Michael (Erik Killmonger) and Chadwick’s (King T’Challa) characters embody this real-world dynamic; their shared tension is visible. Killmonger is quite literally the lost child of Wakanda, abandoned by an uncle (King T’Chaka) and obsessed with honour and tradition. This trauma is at the root of the development of Killmonger; he carries this pain and hate as fuel for his eventual arrival in Wakanda. Erik views Wakanda as cowardly and complicit in the suffering of black peoples across the world; he even describes them as “comfortable” with a voice rattled with righteous anger and indignation. When asked what he wants, he replies “I want the Throne”– there is no moment more representative of Black Male hypermasculinity than this. Killmonger here is impulsive, strong, and resilient, yet ignorant to the culture and traditions of the people he seeks to rule.
Although his bloodline and wardog designation afford him entry into Wakanda, his lack of knowledge and understanding block him from true cultural acceptance and it is very apparent. Killmonger views Wakanda as the answer to all of his problems, yet fundamentally misunderstands Wakanda, and his lack of strategy and inability to learn are his downfall.
T’Challa, like his father before him and his father’s father, prefers a closed Wakanda; it is their tradition since Bas tasked the first Wakandan king with protecting the Great Mound. Due to this royal , T’Challa views all outsiders with extreme suspicion; as stated in the throne room scene, his first duty is to protect Wakandans, not the diaspora. This reflects sentiments often expressed by Africans in the West; because of their roots on the continent, the racial identity of black is at times a foreign concept. This is because in Africa everyone is black, and distinctions follow ethnic lines (nation, tribe, clan). T’Challa literally feels no responsibility to the rest of the diaspora because he is Wakandan before he is black. Being Wakandan, he honours tradition before anything else, and in the case of Killmonger, this respect of tradition is a mistake. T’Challa assumed that he would easily defeat his lost cousin and, in believing that, he placed Wakanda at risk. T’Challa’s obsession with honour prevents him from doing what would have been the wisest choice– killing Erik on sight.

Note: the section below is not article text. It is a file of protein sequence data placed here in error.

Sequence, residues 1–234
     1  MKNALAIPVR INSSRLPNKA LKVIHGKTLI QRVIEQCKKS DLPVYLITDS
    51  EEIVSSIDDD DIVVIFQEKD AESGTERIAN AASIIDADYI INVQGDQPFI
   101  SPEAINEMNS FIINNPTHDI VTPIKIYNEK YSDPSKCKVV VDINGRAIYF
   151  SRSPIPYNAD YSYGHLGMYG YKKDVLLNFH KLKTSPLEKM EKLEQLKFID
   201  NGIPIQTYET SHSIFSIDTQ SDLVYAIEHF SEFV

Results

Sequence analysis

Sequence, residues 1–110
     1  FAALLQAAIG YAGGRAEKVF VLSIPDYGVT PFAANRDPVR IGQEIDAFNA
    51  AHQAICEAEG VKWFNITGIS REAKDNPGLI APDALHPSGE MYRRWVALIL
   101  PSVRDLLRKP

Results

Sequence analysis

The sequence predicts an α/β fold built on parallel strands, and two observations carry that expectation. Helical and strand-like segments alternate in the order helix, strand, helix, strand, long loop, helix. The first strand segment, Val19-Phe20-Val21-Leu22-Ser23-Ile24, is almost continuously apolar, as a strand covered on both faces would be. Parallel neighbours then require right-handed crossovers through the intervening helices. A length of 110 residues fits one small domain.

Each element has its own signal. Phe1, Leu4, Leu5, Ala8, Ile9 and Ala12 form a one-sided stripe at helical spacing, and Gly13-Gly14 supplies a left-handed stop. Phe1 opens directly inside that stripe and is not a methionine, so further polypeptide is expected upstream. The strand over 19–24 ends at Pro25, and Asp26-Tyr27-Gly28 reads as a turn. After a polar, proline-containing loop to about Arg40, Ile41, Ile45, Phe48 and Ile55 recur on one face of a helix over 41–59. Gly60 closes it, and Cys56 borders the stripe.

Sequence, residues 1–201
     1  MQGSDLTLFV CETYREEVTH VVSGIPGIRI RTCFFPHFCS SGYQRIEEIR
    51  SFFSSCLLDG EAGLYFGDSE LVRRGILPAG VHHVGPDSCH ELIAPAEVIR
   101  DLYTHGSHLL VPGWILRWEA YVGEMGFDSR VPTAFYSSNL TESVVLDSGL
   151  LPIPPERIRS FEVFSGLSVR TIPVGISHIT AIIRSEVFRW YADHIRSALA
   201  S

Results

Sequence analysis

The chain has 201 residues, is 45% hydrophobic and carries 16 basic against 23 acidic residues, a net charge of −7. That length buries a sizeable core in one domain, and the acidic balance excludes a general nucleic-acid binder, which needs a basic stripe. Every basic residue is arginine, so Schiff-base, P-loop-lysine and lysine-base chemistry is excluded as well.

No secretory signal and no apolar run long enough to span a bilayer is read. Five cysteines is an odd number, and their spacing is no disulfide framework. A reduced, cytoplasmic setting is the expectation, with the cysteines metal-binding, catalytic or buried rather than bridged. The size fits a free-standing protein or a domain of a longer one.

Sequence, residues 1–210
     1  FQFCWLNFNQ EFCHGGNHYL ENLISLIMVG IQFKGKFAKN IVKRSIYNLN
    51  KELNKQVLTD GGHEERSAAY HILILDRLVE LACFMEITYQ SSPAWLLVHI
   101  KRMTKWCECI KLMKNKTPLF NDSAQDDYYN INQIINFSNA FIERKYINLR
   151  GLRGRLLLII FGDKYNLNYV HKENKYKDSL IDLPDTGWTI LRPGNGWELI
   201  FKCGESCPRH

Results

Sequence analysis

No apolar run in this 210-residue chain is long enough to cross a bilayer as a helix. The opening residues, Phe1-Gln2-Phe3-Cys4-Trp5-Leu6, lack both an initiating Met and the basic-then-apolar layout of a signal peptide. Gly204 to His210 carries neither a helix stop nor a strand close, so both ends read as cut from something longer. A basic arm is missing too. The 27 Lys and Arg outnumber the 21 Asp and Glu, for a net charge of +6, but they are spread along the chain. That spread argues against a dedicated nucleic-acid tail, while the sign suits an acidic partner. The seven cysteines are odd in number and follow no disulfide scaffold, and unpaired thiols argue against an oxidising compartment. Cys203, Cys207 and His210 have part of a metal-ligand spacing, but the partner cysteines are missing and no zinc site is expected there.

Coogler created this dynamic deliberately; by introducing Oakland (birthplace of the Black Panther Party), he is forcing the diaspora to have a conversation and to confront some of our deepest issues. This alteration of formal Black Panther canon also makes the film specifically relevant both politically and socially to today’s climate. Now it falls on our collective to continue this conversation about culture and healing. If Black Panther has taught us anything, it is that we are more powerful as one, and that shallow disagreement can have very detrimental effects on our present and future.